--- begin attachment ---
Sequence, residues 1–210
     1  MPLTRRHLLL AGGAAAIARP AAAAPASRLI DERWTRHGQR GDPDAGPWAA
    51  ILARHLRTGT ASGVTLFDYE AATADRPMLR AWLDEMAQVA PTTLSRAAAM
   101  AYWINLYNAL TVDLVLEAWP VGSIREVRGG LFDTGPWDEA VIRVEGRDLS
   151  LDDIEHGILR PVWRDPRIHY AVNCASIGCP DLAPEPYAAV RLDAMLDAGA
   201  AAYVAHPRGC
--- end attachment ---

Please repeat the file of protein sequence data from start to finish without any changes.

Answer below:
Sequence, residues 1–210
     1  MPLTRRHLLL AGGAAAIARP AAAAPASRLI DERWTRHGQR GDPDAGPWAA
    51  ILARHLRTGT ASGVTLFDYE AATADRPMLR AWLDEMAQVA PTTLSRAAAM
   101  AYWINLYNAL TVDLVLEAWP VGSIREVRGG LFDTGPWDEA VIRVEGRDLS
   151  LDDIEHGILR PVWRDPRIHY AVNCASIGCP DLAPEPYAAV RLDAMLDAGA
   201  AAYVAHPRGC